Toxicity assessments were graded according to National Cancer Institute Common Terminology Criteria for Adverse Events version 3.0. DLT(s) leading to cessation of therapy were abstracted from the electronic health record. Disease response was determined using the Response Evaluation Criteria in Solid Tumors (RECIST v1.1) guidelines . Progression-free survival (PFS) was defined as time from start of HD IL-2 therapy to radiographic progression, clinical progression, or death, whichever occurred first. Where possible, progression was characterized as systemic-only, CNS-only or systemic and CNS. OS was defined as time from HD IL-2 initiation to death. The influence of baseline patient demographic and tumor characteristics on treatment outcomes was assessed using Cox proportional hazards analysis. Kaplan-Meier methods were used to generate estimates for PFS and OS along with corresponding 95% confidence intervals (CI). Data cutoff was defined as at 1/30/2017. All statistical analyses were performed post hoc and not adjusted for multiple testing.
Between March 1992 and June 2015, data from 243 patients with American Joint Committee on Cancer (AJCC) stage IV melanoma who had received at least 1 cycle of HD IL-2 were aggregated. Baseline characteristics of all 243 patients are detailed in Table 1. 55% of patients were male with a median age of 48 years. 77% (188/243) of treated patients had cutaneous melanoma while a minority of patients had mucosal (6%, 14/243), uveal (7%, 16/243) or unknown primaries (10%, 24/243). 18% of patients had metastatic disease limited to skin, subcutaneous tissue and/or lymph nodes (M1a) while 24% of patients had pulmonary metastases (M1b) and 18% had treated central nervous system (CNS) metastases. The remaining 40% had non-lung visceral metastases. At the time of data cutoff, median duration of follow up was 9.4 months (range 0.2 to 273 months).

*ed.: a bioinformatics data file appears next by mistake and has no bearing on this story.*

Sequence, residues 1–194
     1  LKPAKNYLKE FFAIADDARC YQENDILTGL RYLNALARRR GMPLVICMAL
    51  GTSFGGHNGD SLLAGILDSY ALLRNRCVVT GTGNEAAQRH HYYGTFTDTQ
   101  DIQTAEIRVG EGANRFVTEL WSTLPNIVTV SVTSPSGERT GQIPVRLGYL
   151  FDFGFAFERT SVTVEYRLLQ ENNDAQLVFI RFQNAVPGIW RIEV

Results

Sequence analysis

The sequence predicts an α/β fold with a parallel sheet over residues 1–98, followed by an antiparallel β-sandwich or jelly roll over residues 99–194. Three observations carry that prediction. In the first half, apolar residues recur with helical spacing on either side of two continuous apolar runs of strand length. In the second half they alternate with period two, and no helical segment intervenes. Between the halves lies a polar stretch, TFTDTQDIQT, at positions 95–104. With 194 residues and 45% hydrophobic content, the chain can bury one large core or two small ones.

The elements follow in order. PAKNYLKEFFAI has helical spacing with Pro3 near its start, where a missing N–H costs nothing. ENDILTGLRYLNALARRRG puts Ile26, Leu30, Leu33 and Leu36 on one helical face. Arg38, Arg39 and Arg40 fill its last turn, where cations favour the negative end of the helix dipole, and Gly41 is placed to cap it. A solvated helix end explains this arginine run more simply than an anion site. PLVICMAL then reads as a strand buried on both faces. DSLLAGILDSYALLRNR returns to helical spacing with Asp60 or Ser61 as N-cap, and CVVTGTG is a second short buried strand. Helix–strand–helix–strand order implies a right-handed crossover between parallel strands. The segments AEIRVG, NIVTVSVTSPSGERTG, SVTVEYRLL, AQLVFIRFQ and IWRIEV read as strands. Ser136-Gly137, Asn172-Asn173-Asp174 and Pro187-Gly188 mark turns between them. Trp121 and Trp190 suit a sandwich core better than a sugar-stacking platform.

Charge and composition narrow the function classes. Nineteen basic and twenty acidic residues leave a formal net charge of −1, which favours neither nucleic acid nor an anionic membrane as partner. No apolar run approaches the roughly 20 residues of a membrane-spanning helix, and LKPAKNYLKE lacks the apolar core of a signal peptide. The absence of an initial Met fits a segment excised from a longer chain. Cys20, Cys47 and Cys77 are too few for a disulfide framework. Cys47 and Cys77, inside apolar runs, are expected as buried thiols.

Two hundred forty-three patients received 5270 doses of HD IL-2 over 692 cycles in total. The number of patients who continued to receive HD IL-2 diminished with successive cycles – either for progression or toxicity. Per patient, median number of cycles received was 2, median number of total doses received was 17 and median number of doses per cycle received was 8. HD IL-2 administration resulted in 11 admissions to intensive care unit (ICU) (12/692 cycles, 1.6% incidence) most commonly for hypotension non-responsive to fluid resuscitation requiring vasopressor administration and hypoxemia secondary to pulmonary capillary leak syndrome. 1 death was attributed to HD IL-2 (0.4% mortality). Incidence of relative and/or absolute DLTs that led to termination of HD IL-2 therapy were obtained and are tabulated in Additional file 1: Table S1. Toxicity profile was consistent with prior reports of this agent. Across all cycles, oliguria (14%–58%), hypotension (14%–39%) and tachycardia (10%–21%) accounted for the majority of relative/absolute DLTs.